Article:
Category: Reviews

28 Feb

Kingdoms of Amalur: Reckoning Review (PC)

Games, Reviews, RPG by Tramell

When you talk about Kingdoms of Amalur: Reckoning, you cannot help but mention all the big names involved. Accomplished author R.A. Salvatore played an instrumental part in creating the world. Spawn creator Todd McFarlane spearheaded the art design of the game. Ken Rolston, lead designer for the The Elder Scrolls III and IV, started from scratch to create the fantastic combat found in the game. Former MLB great Curt Schilling brought the game back from the edge of the grave when he purchased Big Huge Games, following a falling out with THQ. Acclaimed video game composer Grant Kirkhope produced the game’s thematic score. With all these big names, did Reckoning become the blockbuster RPG that the creators hoped it would be? Follow along as I dive head first into the good, the bad, and the ugly.

The game starts you off as the first person to ever to be successfully revived by the Well of Souls, a device created to cheat death; to bring a soul back from the afterlife and create a body for it. As a result of this experiment, you are no longer bound by fate; you become the Fateless One. In Reckoning, everyone is bound by a fate that has a beginning, a middle, and an end; it can never be changed. Until you come along. In this world, you are somewhat of an anomaly and you have the ability to change your fate as well as the fate of those around you. This becomes the backbone of the leveling system and story.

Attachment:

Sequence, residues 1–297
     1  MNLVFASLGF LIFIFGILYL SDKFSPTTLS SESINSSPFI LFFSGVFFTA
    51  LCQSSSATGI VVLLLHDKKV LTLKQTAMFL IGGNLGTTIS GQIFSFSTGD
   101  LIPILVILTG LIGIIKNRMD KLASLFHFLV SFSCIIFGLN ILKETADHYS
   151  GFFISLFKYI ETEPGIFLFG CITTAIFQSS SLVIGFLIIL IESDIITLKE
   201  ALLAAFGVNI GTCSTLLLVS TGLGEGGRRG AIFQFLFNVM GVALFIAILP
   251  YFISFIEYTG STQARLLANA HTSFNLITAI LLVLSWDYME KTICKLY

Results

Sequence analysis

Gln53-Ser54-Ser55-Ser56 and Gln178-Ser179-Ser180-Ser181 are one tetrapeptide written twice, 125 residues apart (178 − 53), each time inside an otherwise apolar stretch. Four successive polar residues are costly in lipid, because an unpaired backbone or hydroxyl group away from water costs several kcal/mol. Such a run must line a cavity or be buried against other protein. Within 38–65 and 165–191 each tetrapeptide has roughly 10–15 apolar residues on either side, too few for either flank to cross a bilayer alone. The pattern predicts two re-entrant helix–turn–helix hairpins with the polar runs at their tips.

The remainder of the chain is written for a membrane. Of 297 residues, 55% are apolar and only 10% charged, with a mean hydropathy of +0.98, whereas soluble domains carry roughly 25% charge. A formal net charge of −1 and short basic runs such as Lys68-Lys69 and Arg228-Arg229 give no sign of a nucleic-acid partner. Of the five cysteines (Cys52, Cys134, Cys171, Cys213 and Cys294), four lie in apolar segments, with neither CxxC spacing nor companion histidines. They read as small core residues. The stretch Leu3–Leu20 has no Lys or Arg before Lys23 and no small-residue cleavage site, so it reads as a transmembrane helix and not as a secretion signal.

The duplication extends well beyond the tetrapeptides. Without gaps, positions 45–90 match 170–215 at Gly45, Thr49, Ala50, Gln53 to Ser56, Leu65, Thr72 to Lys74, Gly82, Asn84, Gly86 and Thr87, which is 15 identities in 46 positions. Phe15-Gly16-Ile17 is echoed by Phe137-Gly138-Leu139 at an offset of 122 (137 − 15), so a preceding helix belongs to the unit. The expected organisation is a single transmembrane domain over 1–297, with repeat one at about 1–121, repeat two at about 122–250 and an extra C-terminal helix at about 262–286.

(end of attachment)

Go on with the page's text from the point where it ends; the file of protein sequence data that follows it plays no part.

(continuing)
Since you are a blank slate, you have quite a few ways to build your character. Borrowing MMO-like elements, there are three trees you can spend skill points on every time you level up. The Finesse tree handles abilities such as traps, poisons, daggers and faeblades. The Might tree is for people who want to play the role of a warrior. This tree focuses on improving sword and two-handed weapon as well as shield perks and other skills that allow you to become an unstoppable juggernaut. Lastly, there is the Sorcery tree. As you might have guessed, it deals with all things magic. Here, you can improve your sceptre, staff, and chakram proficiencies as well as pick up spells from the elemental planes, such as fire, lightning, and ice.

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13 Dec

Review: Trine 2 [PC]

Articles, Puzzle, Reviews, Trine 2 by Tramell